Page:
Located on the Seine River about 150 km (93 miles) southeast of Paris, Troyes is a commune and the capital of the Aube department in north-central France. It lies in the Champagne region of Northern France and has existed since the Roman era as the hub of numerous highways, including the Via Agrippa.
There are train connections from Paris, Dijon, Mulhouse and several regional destinations to Gare de Troyes train station. There is also a small regional airport Troyes – Barberey, where it has regional flights to Troyes. With its Gothic churches, half-timbered houses and architecture from the 16th-century, Troyes is a short weekend getaway for those who want to be in touch with the culture of the France countryside.
1. Musée de Vauluisant
Musée de Vauluisant is formerly the fabulous renaissance Hôtel de Vauluisant. The building, with its charming twin turreted towers built in the 16th – 17th centuries, contains two museums, Musée d’Art Champenois (Regional Art Museum) and Musée de la Bonneterie (Textile-Hosiery Museum). You will start your exploration through the marvelous religious paintings, sculptures, and stained glasses collections from churches and monasteries around Troyes. Get close to the stained glasses and be astounded by the craftsmanship of those eras.
On the 2nd floor, you will explore the Textile-Hosiery Museum, where you can get to know the history of Troyes as the hosiery capital of France from 1700s up to the 1960s. There are both primitive wooden looms and sophisticated machines from the industry’s golden age in the 1800s. You will gain a whole new perspective about Troyes and its region from your exploration at Musée de Vauluisant.
2. Eglise de la Madeleine
Eglise de la Madeleine is the oldest church in Troyes, dating back to 1120 and was rebuilt in 1200 as a supreme example of Gothic architecture. The highlight of the church is the impressive choir’s renaissance stone rood screen, which was sculpted between 1508 and 1517. Few of these survive in French churches, so it’s a great experience to see a few of these renaissance legacies.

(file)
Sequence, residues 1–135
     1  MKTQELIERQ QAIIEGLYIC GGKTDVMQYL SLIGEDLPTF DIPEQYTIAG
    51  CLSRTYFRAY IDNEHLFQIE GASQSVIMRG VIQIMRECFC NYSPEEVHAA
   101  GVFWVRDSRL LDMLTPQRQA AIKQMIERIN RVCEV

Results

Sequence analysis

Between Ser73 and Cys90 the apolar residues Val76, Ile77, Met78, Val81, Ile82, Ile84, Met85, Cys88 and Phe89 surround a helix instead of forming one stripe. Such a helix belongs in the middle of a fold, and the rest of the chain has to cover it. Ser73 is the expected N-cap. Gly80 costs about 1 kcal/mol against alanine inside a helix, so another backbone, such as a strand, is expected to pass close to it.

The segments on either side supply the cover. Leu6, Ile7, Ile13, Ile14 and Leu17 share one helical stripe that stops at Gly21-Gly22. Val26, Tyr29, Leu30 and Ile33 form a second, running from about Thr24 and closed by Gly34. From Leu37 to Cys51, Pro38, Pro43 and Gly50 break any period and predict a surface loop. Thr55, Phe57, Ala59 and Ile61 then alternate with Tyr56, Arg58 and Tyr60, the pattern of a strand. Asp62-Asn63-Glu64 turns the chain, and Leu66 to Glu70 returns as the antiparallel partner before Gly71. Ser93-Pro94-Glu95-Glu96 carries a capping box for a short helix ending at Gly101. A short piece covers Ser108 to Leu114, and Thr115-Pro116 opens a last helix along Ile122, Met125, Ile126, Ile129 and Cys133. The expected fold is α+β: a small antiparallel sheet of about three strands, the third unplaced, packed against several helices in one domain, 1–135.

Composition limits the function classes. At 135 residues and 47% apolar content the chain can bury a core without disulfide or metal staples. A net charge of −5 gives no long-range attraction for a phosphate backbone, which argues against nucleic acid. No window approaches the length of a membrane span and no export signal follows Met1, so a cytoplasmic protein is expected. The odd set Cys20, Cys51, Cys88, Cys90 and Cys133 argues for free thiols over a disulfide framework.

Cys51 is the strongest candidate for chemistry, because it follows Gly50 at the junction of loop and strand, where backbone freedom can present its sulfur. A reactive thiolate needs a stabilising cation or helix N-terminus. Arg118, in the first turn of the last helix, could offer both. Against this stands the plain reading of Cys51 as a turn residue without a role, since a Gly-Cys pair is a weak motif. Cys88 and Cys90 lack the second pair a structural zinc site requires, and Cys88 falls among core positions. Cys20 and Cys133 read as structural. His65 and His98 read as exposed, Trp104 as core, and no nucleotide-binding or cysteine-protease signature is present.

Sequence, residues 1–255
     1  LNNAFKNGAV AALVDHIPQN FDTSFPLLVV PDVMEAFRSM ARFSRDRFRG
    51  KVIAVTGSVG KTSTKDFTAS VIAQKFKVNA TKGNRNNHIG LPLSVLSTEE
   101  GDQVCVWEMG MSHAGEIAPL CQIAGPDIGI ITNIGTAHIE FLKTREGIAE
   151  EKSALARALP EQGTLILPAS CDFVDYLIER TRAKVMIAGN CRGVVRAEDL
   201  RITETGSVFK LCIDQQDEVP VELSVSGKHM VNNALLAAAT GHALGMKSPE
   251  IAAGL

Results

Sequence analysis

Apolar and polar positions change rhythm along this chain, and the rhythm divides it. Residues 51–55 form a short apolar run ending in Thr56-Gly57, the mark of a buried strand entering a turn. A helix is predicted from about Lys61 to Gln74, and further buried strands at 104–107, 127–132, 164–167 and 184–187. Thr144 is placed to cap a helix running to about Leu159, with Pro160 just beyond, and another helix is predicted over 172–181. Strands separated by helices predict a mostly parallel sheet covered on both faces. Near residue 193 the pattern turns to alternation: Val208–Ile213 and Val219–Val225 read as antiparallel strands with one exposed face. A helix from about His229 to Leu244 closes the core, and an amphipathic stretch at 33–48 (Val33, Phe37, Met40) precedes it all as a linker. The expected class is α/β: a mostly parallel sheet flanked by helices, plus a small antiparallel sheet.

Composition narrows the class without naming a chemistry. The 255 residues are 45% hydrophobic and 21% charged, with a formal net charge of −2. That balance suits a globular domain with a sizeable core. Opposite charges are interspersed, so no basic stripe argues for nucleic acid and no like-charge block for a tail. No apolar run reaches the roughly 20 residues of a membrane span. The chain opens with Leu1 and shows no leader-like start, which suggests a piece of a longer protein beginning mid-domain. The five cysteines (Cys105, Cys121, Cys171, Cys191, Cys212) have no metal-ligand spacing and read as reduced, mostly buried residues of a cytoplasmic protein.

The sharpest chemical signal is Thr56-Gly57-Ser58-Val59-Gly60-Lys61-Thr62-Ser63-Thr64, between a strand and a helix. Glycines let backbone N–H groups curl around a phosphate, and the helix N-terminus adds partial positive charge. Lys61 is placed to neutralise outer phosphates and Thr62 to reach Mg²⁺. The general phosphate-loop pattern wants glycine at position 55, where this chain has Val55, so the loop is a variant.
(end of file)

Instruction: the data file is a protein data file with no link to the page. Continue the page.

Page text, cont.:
With incredibly stained glass windows, Eglise de la Madeleine is a beautiful church. Check out some particular windows depicting the Passion and the Tree of Jesse. When you get out of the church, turn left and left again and you will arrive at a small, peaceful garden behind the church, planted with green shrubs and white flowers. It’s the perfect place to rest before you head out to your next destination.
3. Troyes Cathedral
Sitting at the heart of Troyes, the Troyes Cathedral, famously known also as Cathédrale St-Pierre St-Paul, is a prime example of the Flamboyant Gothic style. Started in the 13th-century and completed more than 400 years later, Troyes Cathedral is entirely gothic and is popular as one of the most beautiful churches, not just in France, but all of Europe.
Check out the three huge roses that were designed by the Renaissance architect Martin Chambiges. The stained-glass windows share Bible stories and are wonderfully depicted in deep rich colors. This was the way for illiterate medieval peasants to learn about the Bible stories. The incomplete single-tower on the West front, the small Renaissance campaniles on top of the tower, the whole cathedral architecture and interior will give you an unforgettable experience.
4. Old Troyes
Within a second, Troyes can transport you to a different era by exploring the road to the Old Troyes. The Old Troyes has a multitude of Troyan timber-framed houses from the 16th-century that evoke the medieval and renaissance period. All houses are four stories high and these lovably rickety buildings are topped with triangular gables and all have different shades of daub. Stop by at one of the terrace cafés and enjoy the medieval and renaissance atmosphere of Old Troyes.
5. Ruelle des Chats
Aren’t you wondering why it’s called the Ruelle de Chats, or in English: the cat’s alleys? This medieval alley is so narrow so the tops of the buildings on either side of the alley are so close, that cats on the top floor or attic can leap across from one side to the other.
The overhanging corbeled houses converge in a sort of urban ravine, blocking out all daylight, which it wouldn’t be difficult as the opposing facades actually touch each other at the top. It’s a must-visit when you are in Troyes. Spend some time to wander and there are lots of good restaurants nearby.
(All photographs are courtesy of the original owners unless otherwise indicated)